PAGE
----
14. 14. CARE , PREVENTION AND COUNSELLING 452-38 How do people respond to loss? above stages while others may only go through some of the stages.People who suffer loss may go through atypical series of reactions. These are:1. Denial: The normal response to loss is a sequence of When faced with bad news involving loss, denial, anger, bargaining, depression and many people first refuse to believe what acceptance. they have been told. This is their way of giving themselves time to begin to deal with and understand the terrible news that 2-39 Can reactions to loss be abnornal? causes them to feel hopeless and helpless. Yes. Some people have an abnormal grieving2. Anger: (mourning) reaction. They may take too long Once they realise the news is true; the or not be able to pass from one stage to another, next reaction may be anger, rage or or have an abnormally strong reaction in a resentment. This is often directed at particular stage. Thus a person may become other people including family members stuck in denial and be unable to come to terms (e.g. wife or husband, father or mother), with the bad news, have excessive anger, which friends, medical or nursing staff and even can damage their relationships with family and God. It is a defence that people use to friends, or cause them to blame caregivers, or protect themselves against despair, and a become pathologically depressed. genetic counsellor must understand this and support the person being counselled The genetic counsellor needs to be aware that through this stage. abnormal grieving reactions can develop, be3. Bargaining: able to recognise them as early as possible, and In this stage, which is usually short, people refer the person for expert management. may try to enter into some sort of bargain with God, to try and reverse or put off 2-40 How does a genetic feeling the loss. counsellor break bad news?4. Depression: Genetic counsellors have to use their ability Eventually, after a person has denied, raged in effective communication to break bad and bargained they begin to realise the news. Preparing for and breaking bad news is great loss they have suffered and this may very important because the way this is done result in depression. They need to receive may greatly affect the response of the person acceptance, understanding and empathy, receiving the news. The counsellor should and be given space to freely express their therefore follow guidelines to try and ensure feelings to help them through this period. that this is done in the best possible manner.5. Acceptance: This should include: Eventually the loss is accepted and the person begins to adjust to the changes the 1. Find a suitable environment for the loss has brought to their life. At first there counselling session. is a feeling of numbness which becomes a 2. Decide who should be in the counselling very sad period. Although this sadness will session and ensure everyone is politely be overcome and the person will continue introduced. with their life, at times in the future they 3. Establish from the person being counselled will be reminded of their loss, resulting in their knowledge and understanding of the sadness or anger once again. situation under discussion. Also assess their general level of understanding andBefore reaching acceptance, some people may awareness so that your discussions will bemove forward and backward through the at a level that is understandable.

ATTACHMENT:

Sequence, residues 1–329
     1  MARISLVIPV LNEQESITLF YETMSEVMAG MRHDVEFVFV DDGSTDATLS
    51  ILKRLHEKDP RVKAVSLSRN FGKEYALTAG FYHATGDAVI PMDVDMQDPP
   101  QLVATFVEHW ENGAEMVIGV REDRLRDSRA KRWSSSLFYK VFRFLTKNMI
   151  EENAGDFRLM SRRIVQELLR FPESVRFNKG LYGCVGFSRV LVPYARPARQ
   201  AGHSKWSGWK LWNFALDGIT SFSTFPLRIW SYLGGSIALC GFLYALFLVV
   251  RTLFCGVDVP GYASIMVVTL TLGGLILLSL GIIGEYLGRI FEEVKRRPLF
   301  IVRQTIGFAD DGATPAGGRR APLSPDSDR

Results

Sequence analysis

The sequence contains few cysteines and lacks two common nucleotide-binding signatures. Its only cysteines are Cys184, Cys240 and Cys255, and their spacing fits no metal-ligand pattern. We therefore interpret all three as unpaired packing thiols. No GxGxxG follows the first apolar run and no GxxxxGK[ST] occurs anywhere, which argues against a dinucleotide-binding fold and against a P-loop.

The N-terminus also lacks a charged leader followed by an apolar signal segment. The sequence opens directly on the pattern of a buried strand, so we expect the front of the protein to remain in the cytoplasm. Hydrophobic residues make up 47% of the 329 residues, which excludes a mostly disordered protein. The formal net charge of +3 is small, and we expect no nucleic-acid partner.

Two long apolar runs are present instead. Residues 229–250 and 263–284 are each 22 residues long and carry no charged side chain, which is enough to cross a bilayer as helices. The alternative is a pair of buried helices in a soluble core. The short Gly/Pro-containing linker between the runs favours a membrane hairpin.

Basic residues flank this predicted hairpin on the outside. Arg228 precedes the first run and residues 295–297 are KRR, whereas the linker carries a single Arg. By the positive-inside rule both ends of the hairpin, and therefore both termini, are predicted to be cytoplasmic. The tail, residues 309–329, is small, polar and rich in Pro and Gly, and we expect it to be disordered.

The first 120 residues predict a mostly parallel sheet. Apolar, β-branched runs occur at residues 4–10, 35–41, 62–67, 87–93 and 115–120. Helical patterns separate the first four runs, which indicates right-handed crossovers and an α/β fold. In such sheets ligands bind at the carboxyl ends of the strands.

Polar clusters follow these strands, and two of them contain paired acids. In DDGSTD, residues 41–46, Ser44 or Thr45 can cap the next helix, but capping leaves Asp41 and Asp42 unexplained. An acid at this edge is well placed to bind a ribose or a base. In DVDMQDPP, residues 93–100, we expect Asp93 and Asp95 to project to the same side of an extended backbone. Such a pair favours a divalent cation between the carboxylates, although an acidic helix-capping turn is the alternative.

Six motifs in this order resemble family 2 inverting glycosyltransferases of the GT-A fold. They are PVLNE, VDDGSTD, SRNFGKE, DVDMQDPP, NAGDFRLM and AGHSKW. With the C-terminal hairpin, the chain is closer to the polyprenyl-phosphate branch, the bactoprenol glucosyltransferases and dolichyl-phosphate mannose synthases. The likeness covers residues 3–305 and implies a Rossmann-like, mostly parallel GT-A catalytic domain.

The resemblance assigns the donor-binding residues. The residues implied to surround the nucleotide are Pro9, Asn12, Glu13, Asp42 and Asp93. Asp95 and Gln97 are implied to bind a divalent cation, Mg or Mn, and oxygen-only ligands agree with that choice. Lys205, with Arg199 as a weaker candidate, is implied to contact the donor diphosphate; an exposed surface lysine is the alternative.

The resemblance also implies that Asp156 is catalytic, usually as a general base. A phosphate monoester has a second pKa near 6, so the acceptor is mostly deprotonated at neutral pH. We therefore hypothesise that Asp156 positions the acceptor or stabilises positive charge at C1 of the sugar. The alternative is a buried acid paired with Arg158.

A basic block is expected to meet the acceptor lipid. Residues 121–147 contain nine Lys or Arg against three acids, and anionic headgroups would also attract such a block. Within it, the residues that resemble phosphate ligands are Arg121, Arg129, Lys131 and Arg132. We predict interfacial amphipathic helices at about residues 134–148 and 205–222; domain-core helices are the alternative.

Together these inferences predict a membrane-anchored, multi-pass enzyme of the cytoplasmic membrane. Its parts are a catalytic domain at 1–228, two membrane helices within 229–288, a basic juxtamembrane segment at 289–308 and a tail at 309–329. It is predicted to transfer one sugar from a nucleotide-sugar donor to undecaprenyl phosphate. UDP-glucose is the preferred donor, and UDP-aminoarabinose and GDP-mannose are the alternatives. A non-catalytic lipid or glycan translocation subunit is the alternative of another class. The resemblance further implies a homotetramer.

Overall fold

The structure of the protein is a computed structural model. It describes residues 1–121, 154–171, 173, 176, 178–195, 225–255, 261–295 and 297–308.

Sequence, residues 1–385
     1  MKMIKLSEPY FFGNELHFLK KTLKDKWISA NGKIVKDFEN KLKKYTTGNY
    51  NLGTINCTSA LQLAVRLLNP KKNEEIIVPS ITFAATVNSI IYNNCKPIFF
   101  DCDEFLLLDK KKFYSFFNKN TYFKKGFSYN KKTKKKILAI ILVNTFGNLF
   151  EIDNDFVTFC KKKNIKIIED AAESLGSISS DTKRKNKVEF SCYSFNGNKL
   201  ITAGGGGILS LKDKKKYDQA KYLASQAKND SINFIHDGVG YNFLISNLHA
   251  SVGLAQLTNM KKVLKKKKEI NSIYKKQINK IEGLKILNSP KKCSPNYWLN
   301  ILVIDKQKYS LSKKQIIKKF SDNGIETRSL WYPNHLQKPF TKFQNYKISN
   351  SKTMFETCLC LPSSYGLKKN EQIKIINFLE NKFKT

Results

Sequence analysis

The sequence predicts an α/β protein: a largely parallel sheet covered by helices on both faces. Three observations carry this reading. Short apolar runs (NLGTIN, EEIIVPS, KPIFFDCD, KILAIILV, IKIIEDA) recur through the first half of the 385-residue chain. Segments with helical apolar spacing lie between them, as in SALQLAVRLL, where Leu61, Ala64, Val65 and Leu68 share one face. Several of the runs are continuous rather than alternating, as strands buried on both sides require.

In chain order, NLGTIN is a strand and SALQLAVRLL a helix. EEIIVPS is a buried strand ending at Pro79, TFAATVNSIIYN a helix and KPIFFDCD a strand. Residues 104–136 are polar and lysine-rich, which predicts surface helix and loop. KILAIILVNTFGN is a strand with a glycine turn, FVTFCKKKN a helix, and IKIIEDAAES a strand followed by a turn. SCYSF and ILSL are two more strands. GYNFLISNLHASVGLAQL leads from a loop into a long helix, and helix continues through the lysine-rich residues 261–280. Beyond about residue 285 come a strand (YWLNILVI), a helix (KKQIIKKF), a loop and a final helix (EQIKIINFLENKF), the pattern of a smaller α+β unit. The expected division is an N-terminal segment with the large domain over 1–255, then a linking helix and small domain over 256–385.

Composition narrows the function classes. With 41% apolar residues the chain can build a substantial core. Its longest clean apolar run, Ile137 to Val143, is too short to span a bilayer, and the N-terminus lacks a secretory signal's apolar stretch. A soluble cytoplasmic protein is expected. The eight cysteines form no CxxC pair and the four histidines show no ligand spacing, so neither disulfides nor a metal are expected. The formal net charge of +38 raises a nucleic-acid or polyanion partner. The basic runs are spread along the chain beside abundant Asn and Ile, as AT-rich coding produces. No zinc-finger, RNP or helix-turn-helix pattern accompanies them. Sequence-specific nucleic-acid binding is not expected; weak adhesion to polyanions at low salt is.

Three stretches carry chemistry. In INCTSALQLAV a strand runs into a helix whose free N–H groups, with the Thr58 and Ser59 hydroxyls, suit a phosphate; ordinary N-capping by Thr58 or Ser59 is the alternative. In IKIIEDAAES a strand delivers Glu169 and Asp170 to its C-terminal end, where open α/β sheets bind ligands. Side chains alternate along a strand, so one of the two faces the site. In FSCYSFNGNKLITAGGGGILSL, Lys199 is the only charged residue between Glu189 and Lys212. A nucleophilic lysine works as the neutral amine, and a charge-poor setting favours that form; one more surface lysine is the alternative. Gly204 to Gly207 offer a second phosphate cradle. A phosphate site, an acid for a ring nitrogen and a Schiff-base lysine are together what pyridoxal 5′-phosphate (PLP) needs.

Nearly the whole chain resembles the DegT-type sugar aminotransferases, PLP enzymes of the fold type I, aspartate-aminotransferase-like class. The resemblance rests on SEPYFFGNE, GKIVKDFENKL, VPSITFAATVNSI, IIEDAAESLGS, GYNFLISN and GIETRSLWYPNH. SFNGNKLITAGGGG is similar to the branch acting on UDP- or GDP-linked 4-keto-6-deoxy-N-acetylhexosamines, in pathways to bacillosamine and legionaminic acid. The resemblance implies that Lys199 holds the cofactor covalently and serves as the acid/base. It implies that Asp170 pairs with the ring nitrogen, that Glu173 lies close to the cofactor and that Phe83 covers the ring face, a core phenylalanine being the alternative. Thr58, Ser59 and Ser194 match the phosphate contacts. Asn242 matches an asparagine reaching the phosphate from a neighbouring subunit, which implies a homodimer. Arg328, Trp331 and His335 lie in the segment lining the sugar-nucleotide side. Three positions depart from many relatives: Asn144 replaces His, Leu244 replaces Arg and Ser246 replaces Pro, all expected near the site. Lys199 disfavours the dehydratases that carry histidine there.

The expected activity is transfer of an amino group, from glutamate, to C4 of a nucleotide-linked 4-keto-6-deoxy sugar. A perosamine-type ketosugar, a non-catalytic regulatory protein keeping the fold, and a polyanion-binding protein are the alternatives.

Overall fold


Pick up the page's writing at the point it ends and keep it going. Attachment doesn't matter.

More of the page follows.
15. 15. 46 BIR TH DEFECTS4. If appropriate, assess through careful pregnant women should be asked their age questioning how much the person wants when pregnancy is confirmed. If 35 years or to know. older they should be counselled and offered5. Inform the person being counselled of the genetic screening and prenatal diagnosis bad news. Do this carefully and gently, (amniocentesis) when indicated. offering small amounts of information at • Ultrasound scanning late in the first any one time. When people receive bad trimester and then again between 18–23 news they often cannot take in too much weeks gestation can screen many birth information at a time. defects.6. Use simple language, leaving out medical • Maternal serum tests can be used to screen terms they will not understand (e.g. for Down syndrome (late first trimester) trisomy 21 or tetralogy of Fallot) and use and neural tube defects (early second teaching aids (e.g. pictures) if necessary. trimester).7. Every now and then check to see if they • All pregnant women should be screened understand what is being told to them. for their Rhesus blood group so that8. Be prepared and willing to repeat haemolytic disease of the newborn can be information one or more times. avoided.9. Answer questions to the best of your ability, and never be afraid to say that you do not 2. What can be done before pregnancy to know. Answers can be found later or you reduce the risk of child with birth defects? can refer them to someone who will know.10. Write down the main points or give them The risk of having a child with birth defects prepared written information about the can sometimes be reduced with basic birth defect so that they can read and think reproductive health approaches, such as family about the information later. planning (deciding not to conceive) and periconception care.End the counselling session with an openinvitation to those being counselled to contact 3. What is periconception care?the genetic counsellor with any furtherqueries, need for psychosocial support or This is the care of women before conceptionfor further genetic counselling they require. and during the first eight weeks of pregnancy,Provide them with contact particulars. which may reduce the risk of birth defects. It aims for optimal health care for women before conception and in early pregnancy to increaseCASE STUDY 1 the chance of a normal infant.A woman who is one month pregnant, and 4. Give examples of how periconceptionhas a three-year-old child with a birth defect, care can prevent birth defects?visits her family doctor and asks if anything • Improve the woman’s diet by foodcan be done to find out whether her fetus has supplementation or fortification. In Souththe same birth defect. After taking a careful Africa iodine fortification of table salt canfamily history, the doctor draws a three- prevent fetal brain damage due to iodinegeneration family tree. deficiency while folic acid fortification of maize meal has reduced neural tube1. How can birth defects be defects by 30%.screened for during pregnancy? • Avoid dangerous substances in the diet such as alcohol.• Older women (35 years or older) are at an increased risk of having a fetus with birth defects, especially Down syndrome. All